THIS is the work of some man who has read much amongst philosophical and theological writers, and has thought much. thinks William of Ockham originated the Protestant principles; that Luther and Bucer were not the main springs of the Reforma

tion in England, but the revival of letters and the influence of Melancthon. The articles of the English church have a "comprehensive Protestantism." However, he admits errors in the church establishment, but thinks the Puritans mainly to be blamed for their existence. The most important feature of the book is the author's opposition to all worship of the Bible. He considers that Strauss has overthrown rationalism on the one hand, and verbal inspiration on the other; at the same time he thinks "the Scriptures deliver an authoritative message from God to man, in regard to all matters of essential and religious truth, therein set forth," and thinks the gradual development of religious truth was terminated by the final revelation of the gospel. After a good deal of good-humored discussion and learned talk, he comes to the conclusion, "that it is the duty of all rational men, who are subjects of the British crown, to enter the widely-spread portals of the national church, which allows full scope for the free exercise of the privilege" of reading the Scriptures, "and treats with enlightened tolerance every unimportant modification of religious sentiments." He "cannot understand why any one who acquiesces in the judicial authority of the Lord Chancellor should object to the ecclesiastical supremacy of the Archbishop of Canterbury." The author has but a poor appreciation of the doctrine of the Trinity.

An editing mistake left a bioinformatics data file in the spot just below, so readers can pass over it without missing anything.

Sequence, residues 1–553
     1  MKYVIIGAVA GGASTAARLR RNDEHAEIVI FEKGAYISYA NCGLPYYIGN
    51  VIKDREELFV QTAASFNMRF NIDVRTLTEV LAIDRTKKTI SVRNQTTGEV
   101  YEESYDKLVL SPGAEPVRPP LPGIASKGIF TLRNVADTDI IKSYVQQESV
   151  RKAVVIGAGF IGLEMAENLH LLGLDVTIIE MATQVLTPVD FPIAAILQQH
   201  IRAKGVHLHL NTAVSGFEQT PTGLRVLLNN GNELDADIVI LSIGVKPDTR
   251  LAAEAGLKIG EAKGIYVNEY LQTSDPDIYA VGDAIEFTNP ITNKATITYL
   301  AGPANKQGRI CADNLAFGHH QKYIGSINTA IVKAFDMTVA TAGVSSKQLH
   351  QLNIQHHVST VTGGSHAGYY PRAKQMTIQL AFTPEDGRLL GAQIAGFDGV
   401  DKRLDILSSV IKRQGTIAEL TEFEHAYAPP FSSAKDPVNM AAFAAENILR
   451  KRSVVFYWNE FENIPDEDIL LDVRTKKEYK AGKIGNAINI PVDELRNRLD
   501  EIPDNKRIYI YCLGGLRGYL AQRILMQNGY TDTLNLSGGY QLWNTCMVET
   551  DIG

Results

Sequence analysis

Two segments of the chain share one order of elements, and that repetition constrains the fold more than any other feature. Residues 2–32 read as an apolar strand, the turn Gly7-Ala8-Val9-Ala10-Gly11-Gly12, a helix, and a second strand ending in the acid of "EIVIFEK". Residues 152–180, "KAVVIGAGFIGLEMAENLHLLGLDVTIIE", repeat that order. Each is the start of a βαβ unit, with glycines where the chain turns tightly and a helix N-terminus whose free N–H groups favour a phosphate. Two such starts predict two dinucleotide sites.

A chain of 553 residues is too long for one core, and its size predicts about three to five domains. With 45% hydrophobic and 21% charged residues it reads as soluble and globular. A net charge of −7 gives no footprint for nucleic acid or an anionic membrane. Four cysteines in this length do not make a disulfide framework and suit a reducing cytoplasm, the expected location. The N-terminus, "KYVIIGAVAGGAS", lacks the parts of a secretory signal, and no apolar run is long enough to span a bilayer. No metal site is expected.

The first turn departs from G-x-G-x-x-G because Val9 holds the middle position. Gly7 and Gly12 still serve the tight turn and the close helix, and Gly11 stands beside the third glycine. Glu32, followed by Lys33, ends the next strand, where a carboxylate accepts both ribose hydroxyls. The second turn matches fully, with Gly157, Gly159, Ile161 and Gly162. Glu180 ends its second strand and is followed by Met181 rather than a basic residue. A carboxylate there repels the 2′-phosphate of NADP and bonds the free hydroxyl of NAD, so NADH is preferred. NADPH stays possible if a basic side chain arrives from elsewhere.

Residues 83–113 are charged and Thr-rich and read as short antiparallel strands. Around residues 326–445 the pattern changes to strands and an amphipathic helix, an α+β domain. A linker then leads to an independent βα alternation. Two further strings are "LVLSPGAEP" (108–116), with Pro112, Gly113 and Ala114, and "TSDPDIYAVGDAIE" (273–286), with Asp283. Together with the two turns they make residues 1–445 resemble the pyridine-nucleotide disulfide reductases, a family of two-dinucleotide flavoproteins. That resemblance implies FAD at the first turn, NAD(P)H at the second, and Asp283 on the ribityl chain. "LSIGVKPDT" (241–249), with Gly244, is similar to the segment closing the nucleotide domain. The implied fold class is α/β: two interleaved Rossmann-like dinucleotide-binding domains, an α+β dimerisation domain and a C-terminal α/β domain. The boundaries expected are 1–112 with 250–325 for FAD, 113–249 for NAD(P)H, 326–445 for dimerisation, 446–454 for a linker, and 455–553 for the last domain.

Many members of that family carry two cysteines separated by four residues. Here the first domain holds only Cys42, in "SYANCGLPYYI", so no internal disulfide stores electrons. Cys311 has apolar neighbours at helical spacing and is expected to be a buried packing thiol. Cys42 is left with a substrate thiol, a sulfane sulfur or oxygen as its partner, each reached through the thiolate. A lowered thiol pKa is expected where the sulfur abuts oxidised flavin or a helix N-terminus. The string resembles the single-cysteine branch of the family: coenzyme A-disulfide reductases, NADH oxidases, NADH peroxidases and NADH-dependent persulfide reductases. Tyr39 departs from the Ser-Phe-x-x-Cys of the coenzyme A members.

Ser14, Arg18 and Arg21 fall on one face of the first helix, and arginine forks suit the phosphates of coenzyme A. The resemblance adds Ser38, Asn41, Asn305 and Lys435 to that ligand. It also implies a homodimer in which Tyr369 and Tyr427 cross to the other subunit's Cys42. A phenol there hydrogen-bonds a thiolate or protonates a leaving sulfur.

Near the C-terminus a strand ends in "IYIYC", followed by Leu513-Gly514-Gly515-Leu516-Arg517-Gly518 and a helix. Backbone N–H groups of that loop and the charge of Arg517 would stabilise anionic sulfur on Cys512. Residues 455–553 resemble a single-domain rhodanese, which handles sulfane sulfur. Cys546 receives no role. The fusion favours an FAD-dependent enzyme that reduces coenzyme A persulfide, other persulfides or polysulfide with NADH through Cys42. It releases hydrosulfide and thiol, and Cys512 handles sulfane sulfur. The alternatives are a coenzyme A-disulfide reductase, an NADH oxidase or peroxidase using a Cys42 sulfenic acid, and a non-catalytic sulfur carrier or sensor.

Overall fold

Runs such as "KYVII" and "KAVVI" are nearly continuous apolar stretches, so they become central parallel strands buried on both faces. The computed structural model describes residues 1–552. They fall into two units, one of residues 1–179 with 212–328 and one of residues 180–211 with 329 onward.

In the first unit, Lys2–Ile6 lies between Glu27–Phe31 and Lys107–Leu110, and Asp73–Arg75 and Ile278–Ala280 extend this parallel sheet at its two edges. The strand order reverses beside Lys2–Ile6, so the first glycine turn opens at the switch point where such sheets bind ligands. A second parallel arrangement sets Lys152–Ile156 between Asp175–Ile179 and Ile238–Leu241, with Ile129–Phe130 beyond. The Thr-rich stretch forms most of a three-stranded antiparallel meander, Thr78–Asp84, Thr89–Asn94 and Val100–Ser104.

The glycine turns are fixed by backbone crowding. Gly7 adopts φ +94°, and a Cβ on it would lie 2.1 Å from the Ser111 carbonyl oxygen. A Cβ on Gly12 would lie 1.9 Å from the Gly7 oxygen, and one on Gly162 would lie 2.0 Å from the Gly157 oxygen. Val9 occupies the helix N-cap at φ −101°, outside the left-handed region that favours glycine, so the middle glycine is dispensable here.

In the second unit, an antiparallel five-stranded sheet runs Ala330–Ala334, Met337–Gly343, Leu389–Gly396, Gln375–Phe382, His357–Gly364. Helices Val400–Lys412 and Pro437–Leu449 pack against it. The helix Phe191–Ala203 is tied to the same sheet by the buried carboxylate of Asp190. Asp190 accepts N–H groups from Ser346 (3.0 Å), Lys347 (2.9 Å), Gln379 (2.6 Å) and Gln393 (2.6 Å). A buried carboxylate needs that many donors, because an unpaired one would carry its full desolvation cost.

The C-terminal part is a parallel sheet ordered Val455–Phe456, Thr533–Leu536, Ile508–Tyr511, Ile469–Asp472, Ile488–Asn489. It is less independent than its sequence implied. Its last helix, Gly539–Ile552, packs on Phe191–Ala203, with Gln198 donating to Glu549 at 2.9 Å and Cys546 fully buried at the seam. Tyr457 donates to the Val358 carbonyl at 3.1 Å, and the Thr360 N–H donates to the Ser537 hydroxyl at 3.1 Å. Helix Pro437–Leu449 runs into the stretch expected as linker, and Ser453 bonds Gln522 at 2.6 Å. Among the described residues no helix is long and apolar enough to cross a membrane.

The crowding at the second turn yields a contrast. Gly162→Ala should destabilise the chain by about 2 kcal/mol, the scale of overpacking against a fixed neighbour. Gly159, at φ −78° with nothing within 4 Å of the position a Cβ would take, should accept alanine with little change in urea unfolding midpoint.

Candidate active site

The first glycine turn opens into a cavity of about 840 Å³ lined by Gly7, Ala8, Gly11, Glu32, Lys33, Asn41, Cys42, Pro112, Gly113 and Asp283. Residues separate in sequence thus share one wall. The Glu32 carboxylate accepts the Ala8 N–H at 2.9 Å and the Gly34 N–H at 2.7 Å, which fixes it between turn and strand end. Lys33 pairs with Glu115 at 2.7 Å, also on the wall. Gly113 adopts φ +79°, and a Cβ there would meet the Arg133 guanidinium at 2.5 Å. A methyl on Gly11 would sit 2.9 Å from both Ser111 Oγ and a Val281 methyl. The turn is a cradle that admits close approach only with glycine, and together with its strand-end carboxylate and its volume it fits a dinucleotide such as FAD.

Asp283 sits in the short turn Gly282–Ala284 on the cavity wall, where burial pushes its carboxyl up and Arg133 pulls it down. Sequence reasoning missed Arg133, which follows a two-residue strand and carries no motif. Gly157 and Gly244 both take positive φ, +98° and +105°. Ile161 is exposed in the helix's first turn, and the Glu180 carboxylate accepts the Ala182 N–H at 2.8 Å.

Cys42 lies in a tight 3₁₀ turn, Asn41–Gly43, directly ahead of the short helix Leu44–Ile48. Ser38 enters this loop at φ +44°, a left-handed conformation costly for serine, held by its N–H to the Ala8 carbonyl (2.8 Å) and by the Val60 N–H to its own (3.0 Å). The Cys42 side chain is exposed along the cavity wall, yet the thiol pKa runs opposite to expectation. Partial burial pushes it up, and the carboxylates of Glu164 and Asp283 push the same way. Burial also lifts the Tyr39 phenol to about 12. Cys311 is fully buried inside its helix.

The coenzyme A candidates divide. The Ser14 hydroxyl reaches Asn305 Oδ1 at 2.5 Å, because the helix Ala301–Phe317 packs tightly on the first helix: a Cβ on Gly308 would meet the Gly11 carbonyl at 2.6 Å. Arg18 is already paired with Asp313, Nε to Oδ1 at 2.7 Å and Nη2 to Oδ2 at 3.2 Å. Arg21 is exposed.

Endeavours after the Christian Life. Discourses by JAMES MARTINEAU. Vol. II. London. 1847. 12mo.


pp. XII and

THE first volume of the "Endeavours" was published in 1843, and has been republished and extensively read in America. This work is thus worthily dedicated: "To Rev. John Hamilton Thom, this volume, the expression of a heart enlarged by his friendship and often aided by his wisdom, is dedicated, in memory of many labors lightened by partnership, purposes invigorated by sympathy, and the vicissitudes of years balanced by constancy of affection." This volume contains twenty-one sermons, with the following titles: Where is thy God? The Sorrow with downward Look; The Shadow of Death; Great Hopes for great Souls; Lo! God is here; Christian Self-consciousness; The unclouded Heart; Help Thou mine Unbelief; Having, Doing, and Being; The Freeman of Christ; The Good Soldier of Jesus Christ; The Realm of Order; The Christian Doctrine of Merit; The Child's Thought; Looking up and Lifting up; The Christian Timeview; The Family in Heaven and Earth; The Single and the Evil Eye; The Seven Sleepers; The Sphere of Silence-1.